Several people facing charges following protests at Georgia Tech

By: Justin Wilfon , Darryn Moore

Updated:

ATLANTA - Police have given the all-clear after violent protest broke out at Georgia Tech.

Viewer video from the protest showed smoke and students yelling. Another video shows a police car in flames.

The protests erupted after supporters of Scout Schultz, who was killed by campus police over the weekend, gathered to mourn the Georgia Tech student's death.

Channel 2’s Justin Wilfon said multiple agencies remained at the scene late Monday night after things appeared to calm down.

Georgia Tech confirmed to Wilfon that two Georgia Tech police officers had minor injuries from the protests. One of those officers was taken to Grady Memorial Hospital. The officers are expected to be OK.

Police arrested three people involved in the protests. They have been charged with inciting a riot and battery of an officer.

Vincent Castillenti, Jacob Wilson and Andrew Xavier Monden
FULTON COUNTY

One of the arrested was listed as Vincent Castillenti and he was charged with aggravated assault on an officer and willful obstruction of a law enforcement officer by use of threats or violence.

Another suspect, Jacob David Wilson, was charged with criminal trespass and aggravated assault against a peace officer.

The third suspect, student Andrew Xavier Monden, was charged with interference with government property and inciting to rioting.

"They sent us to seek shelter, the police department," witness Ammar Hawa told Wilfon.

Hawa shot video of the Georgia Tech police cruiser as it burned. Wilfon found the burned-out vehicle on the side of the street after it was extinguished.

The violence erupted two nights after Schultz was shot and killed by a Georgia Tech police officer.

Scout Schultz, 21, victim of Georgia Tech officer involved shooting
WSB-TV

A witness told Wilfon he saw protesters clashing with police, and that at one point they responded with at least one smoke bomb.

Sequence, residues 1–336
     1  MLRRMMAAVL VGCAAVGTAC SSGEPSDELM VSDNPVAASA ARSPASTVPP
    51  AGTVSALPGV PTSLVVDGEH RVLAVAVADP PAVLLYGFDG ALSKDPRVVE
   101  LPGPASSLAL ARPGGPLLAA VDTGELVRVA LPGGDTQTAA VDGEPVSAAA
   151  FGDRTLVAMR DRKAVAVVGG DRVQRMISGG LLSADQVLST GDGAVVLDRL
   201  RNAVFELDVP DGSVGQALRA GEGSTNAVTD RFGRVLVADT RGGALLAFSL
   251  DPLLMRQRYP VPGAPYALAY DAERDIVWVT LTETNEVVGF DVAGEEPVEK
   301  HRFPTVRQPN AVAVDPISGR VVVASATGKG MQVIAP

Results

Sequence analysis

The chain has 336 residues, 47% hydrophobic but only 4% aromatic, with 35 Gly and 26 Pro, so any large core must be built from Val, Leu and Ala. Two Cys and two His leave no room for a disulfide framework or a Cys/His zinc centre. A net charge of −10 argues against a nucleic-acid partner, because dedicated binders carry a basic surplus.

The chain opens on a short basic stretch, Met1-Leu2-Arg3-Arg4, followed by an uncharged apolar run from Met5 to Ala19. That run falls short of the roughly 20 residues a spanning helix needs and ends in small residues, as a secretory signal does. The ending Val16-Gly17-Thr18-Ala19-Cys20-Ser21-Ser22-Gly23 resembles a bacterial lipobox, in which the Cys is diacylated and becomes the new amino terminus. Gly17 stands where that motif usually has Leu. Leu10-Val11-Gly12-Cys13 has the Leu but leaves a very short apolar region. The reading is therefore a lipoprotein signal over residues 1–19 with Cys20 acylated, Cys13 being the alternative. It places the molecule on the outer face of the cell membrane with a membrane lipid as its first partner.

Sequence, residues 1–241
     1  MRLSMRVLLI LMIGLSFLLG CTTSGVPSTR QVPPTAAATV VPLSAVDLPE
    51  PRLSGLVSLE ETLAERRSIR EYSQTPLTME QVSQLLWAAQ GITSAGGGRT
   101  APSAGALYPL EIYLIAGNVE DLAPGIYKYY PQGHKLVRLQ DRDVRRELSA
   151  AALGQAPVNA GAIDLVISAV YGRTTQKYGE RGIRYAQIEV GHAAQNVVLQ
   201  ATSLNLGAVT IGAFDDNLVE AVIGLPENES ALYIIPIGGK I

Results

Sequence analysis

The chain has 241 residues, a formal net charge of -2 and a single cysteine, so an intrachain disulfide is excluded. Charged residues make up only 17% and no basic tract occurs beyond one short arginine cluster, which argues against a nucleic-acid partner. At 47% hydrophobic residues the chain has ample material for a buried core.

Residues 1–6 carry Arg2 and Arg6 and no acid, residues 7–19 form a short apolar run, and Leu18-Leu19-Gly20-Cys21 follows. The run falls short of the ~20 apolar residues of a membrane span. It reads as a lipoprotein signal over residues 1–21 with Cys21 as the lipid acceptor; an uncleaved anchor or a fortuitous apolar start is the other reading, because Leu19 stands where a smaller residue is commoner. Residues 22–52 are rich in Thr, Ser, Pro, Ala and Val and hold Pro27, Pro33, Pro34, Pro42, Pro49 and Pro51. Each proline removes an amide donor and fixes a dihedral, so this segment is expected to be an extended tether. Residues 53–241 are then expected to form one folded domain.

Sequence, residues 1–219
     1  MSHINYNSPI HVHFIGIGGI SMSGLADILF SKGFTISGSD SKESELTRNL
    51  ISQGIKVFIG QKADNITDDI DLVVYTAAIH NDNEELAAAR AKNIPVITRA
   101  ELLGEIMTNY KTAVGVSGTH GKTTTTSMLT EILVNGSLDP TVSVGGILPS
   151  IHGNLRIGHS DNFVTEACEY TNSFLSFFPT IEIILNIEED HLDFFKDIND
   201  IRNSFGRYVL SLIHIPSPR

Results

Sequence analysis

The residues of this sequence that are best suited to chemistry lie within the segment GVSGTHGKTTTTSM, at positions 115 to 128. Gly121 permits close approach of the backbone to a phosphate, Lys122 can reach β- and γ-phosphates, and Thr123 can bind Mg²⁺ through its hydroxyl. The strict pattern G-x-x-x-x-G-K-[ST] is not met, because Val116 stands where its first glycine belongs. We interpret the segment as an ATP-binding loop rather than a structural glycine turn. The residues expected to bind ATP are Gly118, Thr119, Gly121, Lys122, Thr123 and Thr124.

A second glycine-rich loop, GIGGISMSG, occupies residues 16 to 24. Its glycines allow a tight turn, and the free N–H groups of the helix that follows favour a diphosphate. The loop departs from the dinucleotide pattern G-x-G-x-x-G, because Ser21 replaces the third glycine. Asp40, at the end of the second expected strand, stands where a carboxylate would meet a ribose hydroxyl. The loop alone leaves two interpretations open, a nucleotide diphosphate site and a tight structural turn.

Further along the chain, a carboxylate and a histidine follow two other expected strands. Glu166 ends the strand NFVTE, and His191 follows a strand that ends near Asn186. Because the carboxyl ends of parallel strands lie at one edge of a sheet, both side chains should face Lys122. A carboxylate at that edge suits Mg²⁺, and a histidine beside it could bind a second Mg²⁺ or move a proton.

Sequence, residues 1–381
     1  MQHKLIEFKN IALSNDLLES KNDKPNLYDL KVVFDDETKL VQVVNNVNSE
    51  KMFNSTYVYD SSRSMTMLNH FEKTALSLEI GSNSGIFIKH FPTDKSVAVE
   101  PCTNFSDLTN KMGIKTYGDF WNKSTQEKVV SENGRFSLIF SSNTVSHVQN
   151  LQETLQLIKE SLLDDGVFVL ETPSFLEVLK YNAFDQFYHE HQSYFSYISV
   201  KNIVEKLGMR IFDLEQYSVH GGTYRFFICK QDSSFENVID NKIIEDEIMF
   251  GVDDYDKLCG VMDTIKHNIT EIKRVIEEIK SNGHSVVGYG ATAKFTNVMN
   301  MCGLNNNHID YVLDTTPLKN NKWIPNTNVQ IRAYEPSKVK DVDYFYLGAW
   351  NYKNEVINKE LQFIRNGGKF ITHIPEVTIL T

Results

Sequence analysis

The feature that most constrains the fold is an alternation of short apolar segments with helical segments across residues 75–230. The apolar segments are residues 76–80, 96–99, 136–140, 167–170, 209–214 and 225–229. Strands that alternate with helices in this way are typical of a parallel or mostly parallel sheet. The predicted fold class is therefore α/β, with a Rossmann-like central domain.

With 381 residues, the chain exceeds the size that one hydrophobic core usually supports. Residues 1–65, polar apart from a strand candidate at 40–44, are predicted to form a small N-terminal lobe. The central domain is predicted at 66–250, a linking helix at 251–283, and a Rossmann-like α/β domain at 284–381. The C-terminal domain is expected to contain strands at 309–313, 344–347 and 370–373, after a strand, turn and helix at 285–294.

"The police department was fighting with them actually. I saw some police officers put them in the ground," Hawa said.

Later, Wilfon saw a Georgia Tech officer being loaded onto an ambulance with an apparent head injury.

Just an hour earlier across campus, students held a peaceful vigil to remember Schultz.

"Scout you will be missed and you will never be forgotten," one student said about Schultz.

Among the mourners, Schultz's father, Bill, who hopes Scout’s work as a leader in the campus pride group will live on.

"I had no idea how many students looked up to Scout as a leader and it's obvious Scout leaves a huge hole here on this campus," Bill Schultz told Wilfon following the vigil.

Georgia Tech said there were about 50 protesters total.

Schultz’s family sent a statement after the protests erupted saying:

"On behalf of the family of Scout Schultz, we ask that those who wish to protest Scout's death do so peacefully. Answering violence with violence is not the answer.


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“Our goal is to work diligently to make positive change at Georgia Tech in an effort to ensure a safer campus for all students.

"This is how we will truly honor Scout's life and legacy.

"Scout's family respects the rights of those who wish to voice opposition to what they feel was an unnecessary use of force, but they ask that it be done respectfully and safely."

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